I was toying with making something similar with one of my old soldering irons. That way I could cut and fuse the ends at the same time.

    But then I realized I don't actually do enough cutting to justify it. Now I either use my Mora Companion (sharpest fixed blade knife I have EVER bought) or just heat a #11 blade in a candle.

    Maybe if I were doing projects that used a lot of specific lengths of cord it would make sense to do the soldering iron thing...
     
  10. HardcoreSlot

    HardcoreSlot Member

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    all good suggestions... Xacto is a good one..

    Hmmmm.... This got me thinkin',(scary, i konw) has anyone seen the styrofoam cutting tables with the one heated wire that runs vertically, kinda like a scroll saw?
    I wonder if that would work??? I dont believe making one would be too difficult...
     
  11. HamiltonFelix

    HamiltonFelix New Member

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    If I was cutting a lot of any synthetic cord, I'd go with a heated blade or something like the styrofoam cutting table with a hot nichrome wire. But most of us are moving around in the Real World and may need to cut at unpredictable times and places. So the most practical advice is to always have a SHARP blade. An improvised "cutting board" to work against is a bonus.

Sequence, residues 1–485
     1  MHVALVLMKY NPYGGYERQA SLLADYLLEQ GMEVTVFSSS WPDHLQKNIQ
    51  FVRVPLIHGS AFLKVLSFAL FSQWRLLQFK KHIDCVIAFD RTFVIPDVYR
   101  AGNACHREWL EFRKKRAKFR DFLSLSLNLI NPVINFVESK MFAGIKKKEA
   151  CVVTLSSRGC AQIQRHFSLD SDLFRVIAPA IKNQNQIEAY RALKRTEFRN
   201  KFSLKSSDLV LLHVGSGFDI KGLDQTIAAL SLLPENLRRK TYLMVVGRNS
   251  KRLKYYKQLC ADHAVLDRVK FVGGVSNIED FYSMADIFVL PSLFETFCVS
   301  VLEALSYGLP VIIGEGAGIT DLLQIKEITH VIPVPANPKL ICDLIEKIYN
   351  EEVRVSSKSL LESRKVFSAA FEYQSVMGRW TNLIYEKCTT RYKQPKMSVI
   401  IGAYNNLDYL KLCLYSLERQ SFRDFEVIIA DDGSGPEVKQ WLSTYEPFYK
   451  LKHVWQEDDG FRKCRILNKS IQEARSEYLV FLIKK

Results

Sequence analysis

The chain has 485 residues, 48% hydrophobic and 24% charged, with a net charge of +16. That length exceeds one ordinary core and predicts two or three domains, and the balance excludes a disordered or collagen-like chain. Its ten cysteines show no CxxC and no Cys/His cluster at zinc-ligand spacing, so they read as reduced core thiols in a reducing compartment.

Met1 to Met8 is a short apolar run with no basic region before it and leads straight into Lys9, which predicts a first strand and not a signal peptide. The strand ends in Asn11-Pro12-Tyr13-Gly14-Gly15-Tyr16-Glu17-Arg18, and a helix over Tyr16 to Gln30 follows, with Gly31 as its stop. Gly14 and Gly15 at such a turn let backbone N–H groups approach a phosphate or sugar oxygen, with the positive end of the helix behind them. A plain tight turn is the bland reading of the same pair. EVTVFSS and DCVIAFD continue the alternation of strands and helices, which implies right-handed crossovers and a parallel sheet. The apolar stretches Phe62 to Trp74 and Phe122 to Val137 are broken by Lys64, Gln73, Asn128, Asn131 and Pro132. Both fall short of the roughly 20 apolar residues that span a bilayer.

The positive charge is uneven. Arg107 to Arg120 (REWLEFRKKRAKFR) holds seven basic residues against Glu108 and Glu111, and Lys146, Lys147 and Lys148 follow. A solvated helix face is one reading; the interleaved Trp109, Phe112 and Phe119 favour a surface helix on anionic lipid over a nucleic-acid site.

It can be a chore to keep one's EDC knives razor sharp. My Al Mar SERE 2000 sees constant use, followed by my neck knife (presently a Cold Steel Spike) and my Leatherman WAVE. My Bowen Survivor buckle (single edged, of course, and at least 30 years old) sees more use as a beer cap lifter, but it's always there as my least used backup blade. If you can't keep all of 'em touched up, at least keep one very sharp. I must admit, the knifemaker's belt sander and the 6000 grit belt have made life easier.

    For larger cordage, usually twist, rarely kernmantle, I like the serrated blade on the Leatherman. Wrap the location to be cut with electrical tape, then cut it through the tape. Melt ends as time permits. Serrated blade is also great for plastic tie wraps. I use a lot of these cable ties to hang tags at work.

    Paracord really should have the ends melted every single time. I confess to occasionally slipping up in this department - but I know better.
     
  12. HardcoreSlot

    HardcoreSlot Member

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    I agree that the blades you keep on ya should be sharp.
    I was thinking more of when you are sitting down doing projects.
    If im out in the world cuttin cords I usually just cut it off with a knife and put a knot in the end to keep it from fraying all over the place.
     
  13. MidwestCord

    MidwestCord New Member